“Software Engineering!? What do I know of computers and software?” So said Archbishop Tutu as he welcomed 700 computer scientists to the 32nd annual International Conference on Software Engineering (ICSE), held the first week of May in Cape Town, South Africa. The venerable icon, Nobel prize winner and champion of human rights went on to add “I am not so old or disconnected from the modern world that I don’t realise that computers and software permeate every aspect of our modern lives and … that technology can be enabling and can play a crucial role in raising educational standards, in improving the quality of life and in helping commerce and industry.” It is these three aspects – education, life and industry – that the Software Engineering Innovation Foundation (SEIF) Awards were set up to address. And it was indeed fitting that they were presented at the ICSE conference where several of the 12 recipients were present.
Watch the introduction at ICSE from Archbishop Tutu
The SEIF Awards are a joint initiative between the Computer Science team of Microsoft External Research, the Research in Software Engineering Group (RiSE) and the Microsoft Visual Studio 2010 team. Microsoft aimed to partner with the worldwide academic community to advance the tools and technologies that are used in and with Visual Studio 2010. A total of 85 submissions were received and after a rigorous evaluation process, we chose 12 projects to support for a year. In May 2011, the community will get together at ICSE 2011 in Hawaii for a workshop to share the results of their work. The submitted projects came from all over the world. Of the winning projects, four were from North America, three each from Europe and South America and one each from China and India.
A strong focus of the work from RiSE is detecting, correcting and preventing bugs in code. Sunghun Kim of the Hong Kong University of Science and Technology proposes to first integrate a state-of-the-art bug prediction algorithm, called Change Classification, into Visual Studio 2010, so that developers will be quickly notified (using colored underlines) about code areas that are predicted to be buggy. Kim describes his method as seeming like a guardian angel looking over your shoulder, pointing out bugs and suggesting plausible fixes.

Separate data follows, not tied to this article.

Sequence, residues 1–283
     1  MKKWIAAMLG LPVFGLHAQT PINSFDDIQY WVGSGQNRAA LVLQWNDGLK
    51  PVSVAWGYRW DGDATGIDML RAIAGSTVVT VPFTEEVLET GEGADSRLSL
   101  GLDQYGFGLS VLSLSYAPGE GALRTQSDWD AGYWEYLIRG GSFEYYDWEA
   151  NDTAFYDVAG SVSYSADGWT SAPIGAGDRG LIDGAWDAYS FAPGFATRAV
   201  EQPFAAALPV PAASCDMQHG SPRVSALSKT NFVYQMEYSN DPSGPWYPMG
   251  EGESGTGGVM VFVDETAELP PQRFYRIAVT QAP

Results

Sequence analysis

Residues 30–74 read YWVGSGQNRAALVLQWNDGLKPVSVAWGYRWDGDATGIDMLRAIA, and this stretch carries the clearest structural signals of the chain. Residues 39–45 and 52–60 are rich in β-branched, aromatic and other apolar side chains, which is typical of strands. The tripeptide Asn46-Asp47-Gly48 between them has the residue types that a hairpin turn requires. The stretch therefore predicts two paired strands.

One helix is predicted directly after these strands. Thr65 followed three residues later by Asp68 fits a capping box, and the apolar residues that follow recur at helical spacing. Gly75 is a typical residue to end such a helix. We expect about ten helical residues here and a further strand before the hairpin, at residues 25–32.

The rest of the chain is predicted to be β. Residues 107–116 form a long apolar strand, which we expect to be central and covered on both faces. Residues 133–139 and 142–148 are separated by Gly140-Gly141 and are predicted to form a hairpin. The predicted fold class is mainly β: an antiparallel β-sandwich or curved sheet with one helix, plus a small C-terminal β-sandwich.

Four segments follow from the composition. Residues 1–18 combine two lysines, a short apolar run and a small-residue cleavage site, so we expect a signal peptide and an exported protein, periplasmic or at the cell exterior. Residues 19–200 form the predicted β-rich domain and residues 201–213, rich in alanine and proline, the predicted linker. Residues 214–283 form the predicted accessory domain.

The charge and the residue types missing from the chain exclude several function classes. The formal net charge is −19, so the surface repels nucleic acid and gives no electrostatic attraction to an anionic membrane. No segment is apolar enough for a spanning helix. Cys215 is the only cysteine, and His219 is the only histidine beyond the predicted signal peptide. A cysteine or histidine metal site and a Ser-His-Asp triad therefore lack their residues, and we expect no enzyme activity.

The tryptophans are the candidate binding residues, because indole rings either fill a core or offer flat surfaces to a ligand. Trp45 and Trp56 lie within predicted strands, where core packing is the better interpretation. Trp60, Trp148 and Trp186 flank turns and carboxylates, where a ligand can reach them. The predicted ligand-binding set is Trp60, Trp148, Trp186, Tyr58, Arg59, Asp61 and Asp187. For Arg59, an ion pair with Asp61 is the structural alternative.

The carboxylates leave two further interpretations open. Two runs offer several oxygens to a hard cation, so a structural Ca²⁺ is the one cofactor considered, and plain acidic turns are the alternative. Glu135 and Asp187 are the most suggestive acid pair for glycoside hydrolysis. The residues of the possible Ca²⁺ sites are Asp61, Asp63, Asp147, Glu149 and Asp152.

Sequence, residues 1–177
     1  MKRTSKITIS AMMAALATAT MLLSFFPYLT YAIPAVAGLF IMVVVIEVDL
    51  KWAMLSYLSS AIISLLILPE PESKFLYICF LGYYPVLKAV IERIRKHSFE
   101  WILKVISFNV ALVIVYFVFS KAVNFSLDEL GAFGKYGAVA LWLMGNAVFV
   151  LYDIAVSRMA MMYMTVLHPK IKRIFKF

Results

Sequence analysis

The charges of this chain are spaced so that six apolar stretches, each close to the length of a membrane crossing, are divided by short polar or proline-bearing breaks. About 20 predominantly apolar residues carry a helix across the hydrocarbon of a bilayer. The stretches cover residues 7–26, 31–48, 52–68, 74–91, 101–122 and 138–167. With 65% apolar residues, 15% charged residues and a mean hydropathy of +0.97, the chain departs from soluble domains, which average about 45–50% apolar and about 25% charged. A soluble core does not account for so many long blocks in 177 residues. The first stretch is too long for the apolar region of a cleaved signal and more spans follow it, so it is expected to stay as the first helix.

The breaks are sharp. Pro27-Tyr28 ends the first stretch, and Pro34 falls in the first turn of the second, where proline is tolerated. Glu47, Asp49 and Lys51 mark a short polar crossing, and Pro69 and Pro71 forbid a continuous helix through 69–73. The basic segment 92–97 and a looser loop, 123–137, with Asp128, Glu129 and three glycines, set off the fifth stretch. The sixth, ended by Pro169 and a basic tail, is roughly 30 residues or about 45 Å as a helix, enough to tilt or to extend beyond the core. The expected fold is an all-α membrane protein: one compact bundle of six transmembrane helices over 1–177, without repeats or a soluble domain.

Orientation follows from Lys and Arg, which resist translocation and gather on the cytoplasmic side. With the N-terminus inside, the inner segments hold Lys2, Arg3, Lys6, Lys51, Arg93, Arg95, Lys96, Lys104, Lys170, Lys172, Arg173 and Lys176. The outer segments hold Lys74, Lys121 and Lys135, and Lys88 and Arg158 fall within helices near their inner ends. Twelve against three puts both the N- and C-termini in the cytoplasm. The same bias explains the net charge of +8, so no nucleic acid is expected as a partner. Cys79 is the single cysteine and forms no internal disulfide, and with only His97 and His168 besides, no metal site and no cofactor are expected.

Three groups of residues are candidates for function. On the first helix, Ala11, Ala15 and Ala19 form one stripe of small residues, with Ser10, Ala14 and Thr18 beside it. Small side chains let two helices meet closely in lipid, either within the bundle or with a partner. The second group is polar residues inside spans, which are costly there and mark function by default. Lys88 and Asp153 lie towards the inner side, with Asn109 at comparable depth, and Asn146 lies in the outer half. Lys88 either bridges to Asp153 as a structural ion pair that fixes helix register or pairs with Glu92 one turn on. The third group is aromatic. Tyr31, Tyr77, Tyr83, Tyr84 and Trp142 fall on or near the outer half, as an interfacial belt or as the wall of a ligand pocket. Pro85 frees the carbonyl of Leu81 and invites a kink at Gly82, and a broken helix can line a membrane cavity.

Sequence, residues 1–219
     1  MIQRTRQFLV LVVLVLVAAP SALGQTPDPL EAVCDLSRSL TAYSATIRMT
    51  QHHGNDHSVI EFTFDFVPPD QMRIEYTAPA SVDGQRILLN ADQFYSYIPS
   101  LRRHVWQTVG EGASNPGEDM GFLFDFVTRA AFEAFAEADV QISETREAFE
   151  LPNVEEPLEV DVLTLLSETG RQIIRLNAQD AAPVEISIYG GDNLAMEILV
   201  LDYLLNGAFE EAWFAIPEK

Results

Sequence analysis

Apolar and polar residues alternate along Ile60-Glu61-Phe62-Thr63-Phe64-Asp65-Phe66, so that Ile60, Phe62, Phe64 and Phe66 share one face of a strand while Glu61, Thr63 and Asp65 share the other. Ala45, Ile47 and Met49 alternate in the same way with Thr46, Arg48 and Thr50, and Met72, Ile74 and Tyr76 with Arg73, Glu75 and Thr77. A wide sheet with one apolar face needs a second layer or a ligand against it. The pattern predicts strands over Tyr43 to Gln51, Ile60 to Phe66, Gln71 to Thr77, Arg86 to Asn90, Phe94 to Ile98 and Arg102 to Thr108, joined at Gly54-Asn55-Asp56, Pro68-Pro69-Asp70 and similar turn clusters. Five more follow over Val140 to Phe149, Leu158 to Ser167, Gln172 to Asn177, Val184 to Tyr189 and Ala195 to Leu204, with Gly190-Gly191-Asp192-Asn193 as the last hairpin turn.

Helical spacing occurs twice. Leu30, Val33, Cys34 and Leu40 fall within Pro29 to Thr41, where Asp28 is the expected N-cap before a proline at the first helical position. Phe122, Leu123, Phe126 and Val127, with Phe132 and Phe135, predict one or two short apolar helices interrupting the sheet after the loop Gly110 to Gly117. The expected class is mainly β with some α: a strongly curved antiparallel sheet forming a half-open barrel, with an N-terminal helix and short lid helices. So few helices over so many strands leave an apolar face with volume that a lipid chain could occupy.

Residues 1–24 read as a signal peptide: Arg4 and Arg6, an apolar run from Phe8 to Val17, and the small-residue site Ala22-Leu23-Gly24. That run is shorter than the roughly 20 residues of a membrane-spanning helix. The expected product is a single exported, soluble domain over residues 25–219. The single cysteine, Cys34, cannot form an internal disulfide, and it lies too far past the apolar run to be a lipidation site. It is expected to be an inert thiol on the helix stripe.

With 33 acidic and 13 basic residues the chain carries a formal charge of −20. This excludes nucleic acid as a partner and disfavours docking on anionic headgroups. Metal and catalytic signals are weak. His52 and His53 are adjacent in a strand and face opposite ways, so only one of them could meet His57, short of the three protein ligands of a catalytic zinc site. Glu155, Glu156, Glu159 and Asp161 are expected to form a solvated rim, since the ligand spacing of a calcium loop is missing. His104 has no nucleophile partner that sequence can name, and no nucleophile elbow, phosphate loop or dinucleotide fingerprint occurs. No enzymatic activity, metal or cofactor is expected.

From left: Jane Prey (Director of Gender Diversity, MSR), Yuriy Brun and Reid Holmes (representing David Notkin), Alessandro Orso, Nachi Nagappan (MSR), Gail Murphy, Stefano Tonetta, Wolfram Schulte (Research Area Manager, RiSE Group), Karin Breitman, Guido de Caso (with Uchitel), Sebastien Uchitel
Closer to home, at the University of Washington, David Notkin and his students plan to explore the role speculation can play in software development. Their interest in speculation has been piqued both by the potential availability of using “cycles for quality” (e.g., from multi-core) and also by the need for breakthroughs in how environments augment the abilities of developers. Their goal is to warn a developer, as early as possible, that changes in code will conﬂict with the work of another developer on their team. By limiting or avoiding these conﬂicts, they hope to decrease the amount of time spent ﬁxing “broken” builds, enabling developers to focus more directly on their tasks rather than source-control management (SCM) problems. Implementing the approach will involve combining a simpliﬁed abstract model of SCM systems to derive a common interface that can manage the kinds of conﬂicts they would like to detect, and building speciﬁc SCM connectors (e.g., for Microsoft’s Team Foundation Server, or CodePlex’s Mercurial source control repository) that can interact with the variety of SCM systems used by real projects. Notkin and his students aim to build a user interface specifically for Visual Studio 2010, that can be used to alert developers when their actions conﬂict with other development trees.
In the education space, Pankaj Jalote at IIIT-D in Delhi is of the opinion that an introductory course in software engineering in a computer science program remains one of the hardest subjects to teach. While focusing on concepts and techniques is essential, there is often not sufficient time for the tools to be given the appropriate amount of attention. Real software engineering is now very tool intensive and a large set of tools is needed to cover the different aspects of the software development lifecycle – including requirements modeling, requirements documentation, project planning, design, coding related, code management and those related to testing. Generally a host of different tools might be used in a project, coming from a variety of sources. This project will develop a prototype course done almost fully within Visual Studio 2010, with its existing rich tool set, while also integrating other tools such as spreadsheets. Jalote maintains that using Visual Studio 2010 can have a major impact on the teaching: besides mastering the concepts and techniques, students will also learn through the use of a proper environment and tools how software is really developed, and will gain skills that are highly desired by the industry.
These are just some of the projects for 2010/11. For a full list of projects, as well as announcements for SEIF II stay tuned to our website and blog.
Judith Bishop, director, Computer Science, Microsoft External Research